FIGS. 1 through 9 illustrate various preferred exemplary embodiments of the present invention in a quick-connect fitting assembly for releasably connecting a pair of cylindrical fluid conduits to one another in fluid communication therebetween. As will become apparent to one skilled in the art from the following discussion, the principles of the present invention illustrated by the various exemplary embodiments depicted in the drawings are equally applicable to fluid systems, fluid conduits, and fluid fitting or coupling assemblies of shapes, configurations or types other than those shown for purposes of illustration in the drawings.
Referring primarily to FIGS. 1 to 2, one preferred quick-connect fitting assembly 10 in accordance with the present invention is provided for releasably connecting a first fluid conduit 12 and a second fluid conduit 14 to one another in fluid communication therebetween. The second fluid conduit 14 preferably includes first and second generally laterally-extending protuberances 20 and 22 and is longitudinally insertable in an inward direction into a socket member or assembly 26 that is either integrally formed on, or sealingly secured to, the first fluid conduit 12.
The socket member 26 preferably includes a laterally-extending, outwardly-protruding socket flange portion 28, which is disposed generally at its laterally-enlarged outer end 29. Such laterally-enlarged end 29 is adapted for easy insertion of the free end of the second fluid conduit 14, as well as various components of a retaining apparatus described below.
A retaining ring 30 is removably positionable generally adjacent the socket member 26 in a surrounding relationship with the second fluid conduit 14 when the second fluid conduit 14 is inserted into the socket member 26. As shown in FIGS. 1 through 4, the preferred retaining ring 30 includes a number of generally arcuate retaining ring sections or segments 32, which are longitudinally elongated and are interconnected, between laterally or circumferentially adjacent retaining ring sections, by a number of retaining ring pins 34.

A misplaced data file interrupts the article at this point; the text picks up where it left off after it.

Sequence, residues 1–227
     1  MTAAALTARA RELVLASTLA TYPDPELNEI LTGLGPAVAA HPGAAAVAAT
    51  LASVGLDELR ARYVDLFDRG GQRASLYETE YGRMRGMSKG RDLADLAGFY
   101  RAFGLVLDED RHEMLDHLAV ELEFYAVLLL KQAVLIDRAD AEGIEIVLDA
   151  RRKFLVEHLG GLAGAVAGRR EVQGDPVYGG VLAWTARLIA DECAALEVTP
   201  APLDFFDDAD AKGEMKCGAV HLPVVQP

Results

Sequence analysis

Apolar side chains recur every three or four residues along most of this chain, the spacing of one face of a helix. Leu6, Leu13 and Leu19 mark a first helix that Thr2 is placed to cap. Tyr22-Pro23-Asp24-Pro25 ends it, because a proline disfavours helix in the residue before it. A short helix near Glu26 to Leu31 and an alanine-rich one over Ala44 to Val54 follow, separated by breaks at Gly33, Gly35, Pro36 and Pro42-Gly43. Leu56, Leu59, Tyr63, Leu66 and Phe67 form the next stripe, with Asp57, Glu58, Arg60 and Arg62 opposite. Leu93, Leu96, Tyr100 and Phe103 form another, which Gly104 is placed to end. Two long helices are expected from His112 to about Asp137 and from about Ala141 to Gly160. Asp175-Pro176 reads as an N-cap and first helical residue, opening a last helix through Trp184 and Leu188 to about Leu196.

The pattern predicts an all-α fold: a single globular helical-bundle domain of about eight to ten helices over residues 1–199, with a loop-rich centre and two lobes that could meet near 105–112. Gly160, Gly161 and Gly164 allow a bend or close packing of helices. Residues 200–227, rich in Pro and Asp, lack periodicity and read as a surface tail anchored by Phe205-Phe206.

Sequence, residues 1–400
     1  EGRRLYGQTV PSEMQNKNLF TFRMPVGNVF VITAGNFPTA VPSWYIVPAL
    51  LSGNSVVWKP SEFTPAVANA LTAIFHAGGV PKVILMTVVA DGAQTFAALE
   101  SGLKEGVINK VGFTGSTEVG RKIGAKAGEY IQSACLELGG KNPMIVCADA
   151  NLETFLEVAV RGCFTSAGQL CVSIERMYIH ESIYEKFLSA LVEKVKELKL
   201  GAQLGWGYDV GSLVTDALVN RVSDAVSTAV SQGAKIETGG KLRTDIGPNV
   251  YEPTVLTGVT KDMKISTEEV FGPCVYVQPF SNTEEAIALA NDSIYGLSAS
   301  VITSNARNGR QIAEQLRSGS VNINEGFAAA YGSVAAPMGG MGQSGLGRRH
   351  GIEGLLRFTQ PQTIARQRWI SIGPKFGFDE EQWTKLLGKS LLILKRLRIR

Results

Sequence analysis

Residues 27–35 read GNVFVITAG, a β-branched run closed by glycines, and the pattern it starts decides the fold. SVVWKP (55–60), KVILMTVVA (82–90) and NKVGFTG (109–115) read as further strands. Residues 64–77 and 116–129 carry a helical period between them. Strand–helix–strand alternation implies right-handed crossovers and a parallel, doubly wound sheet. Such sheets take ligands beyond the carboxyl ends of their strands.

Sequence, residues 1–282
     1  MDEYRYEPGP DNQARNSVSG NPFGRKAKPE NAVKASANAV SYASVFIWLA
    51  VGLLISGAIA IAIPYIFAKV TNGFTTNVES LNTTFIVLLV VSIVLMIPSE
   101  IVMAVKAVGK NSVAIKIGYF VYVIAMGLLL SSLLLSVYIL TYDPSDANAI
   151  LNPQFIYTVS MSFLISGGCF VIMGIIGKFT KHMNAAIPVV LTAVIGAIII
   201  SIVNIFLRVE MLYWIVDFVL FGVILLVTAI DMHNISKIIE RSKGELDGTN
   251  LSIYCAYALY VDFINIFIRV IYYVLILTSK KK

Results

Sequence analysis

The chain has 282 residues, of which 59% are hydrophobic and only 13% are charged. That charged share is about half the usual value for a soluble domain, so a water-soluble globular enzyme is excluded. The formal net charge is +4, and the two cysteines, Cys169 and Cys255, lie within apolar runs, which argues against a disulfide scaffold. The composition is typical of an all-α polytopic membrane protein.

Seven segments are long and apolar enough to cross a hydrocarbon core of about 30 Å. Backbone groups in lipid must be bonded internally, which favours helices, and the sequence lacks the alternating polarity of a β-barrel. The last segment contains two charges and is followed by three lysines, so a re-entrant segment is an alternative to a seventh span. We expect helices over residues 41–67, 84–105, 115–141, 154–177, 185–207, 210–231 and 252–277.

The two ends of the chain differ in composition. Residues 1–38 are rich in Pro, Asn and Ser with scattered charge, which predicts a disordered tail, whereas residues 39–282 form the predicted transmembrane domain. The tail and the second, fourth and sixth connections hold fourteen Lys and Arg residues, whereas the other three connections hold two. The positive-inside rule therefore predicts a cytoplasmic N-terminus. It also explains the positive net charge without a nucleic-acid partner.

The retaining apparatus also includes one or more spring or barb members 40 disposed generally adjacent the socket member 26 and longitudinally interconnected with the retaining ring 30. As shown in FIGS. 1, 2 and 5, the spring or barb members 40 each preferably include an anchoring portion 42, which has a generally hook-shaped inner end 44 and an opposite outer end 46. A barb portion 48 extends generally in a laterally inward and longitudinally inward direction from the outer end 46 of the anchoring portion 42 for longitudinally and laterally inwardly abutting the second protuberance 22 on the second fluid conduit 14 when the quick-connect fitting assembly 10 is assembled. During assembly of the various components of the retaining apparatus, the barb portions 48 of the resilient spring or barb members 40 are resiliently deflectable in a generally longitudinally inward and laterally outward direction in order to accommodate the longitudinally inward insertion of the second fluid conduit 14 (and thus the second protuberance 22) into the socket member 26. Once the spring or barb members 40 have been positioned generally adjacent the socket member 26, and the second fluid conduit 14 has been fully inserted, as shown in FIG. 1, the barb portions 48 abut the protuberances 22 on the second fluid conduit 14 to resist longitudinally outward withdrawal or movement of the second fluid conduit 14 from the socket member 26.
Preferably, the anchoring portions 42 of the barb members 40 are configured with an arcuate, laterally outwardly curving shape in their free, undeflected state as shown in FIG. 5. This preferred configuration enhances the restraining force of the barb portions 48 on the second protuberance 22 as a result of the arcuately shaped anchoring portions resiliently biasing the barb portions 48 laterally inwardly when the barb members 40 are installed within the socket member 26 in engagement with the retaining ring 30.
The generally hook-shaped ends 44 of the barb members 40 interlockingly are anchored and restrained by the longitudinally inner ends 36 of the retaining ring pins 34 on the retaining ring 30. In turn, the retaining apparatus assembly, which includes the retaining ring 30 and the spring or barb members 40, is restrained by a first retaining collar 60 longitudinally interconnected with the socket member 26 and a second retaining collar member 80 that is disposable in a generally surrounding relationship with the second fluid conduit 14. The second collar member 80 is longitudinally and removably interconnectable with the first retaining collar member 60, preferably by way of a threadable interconnection therebetween in the embodiment shown in FIGS. 1 and 2.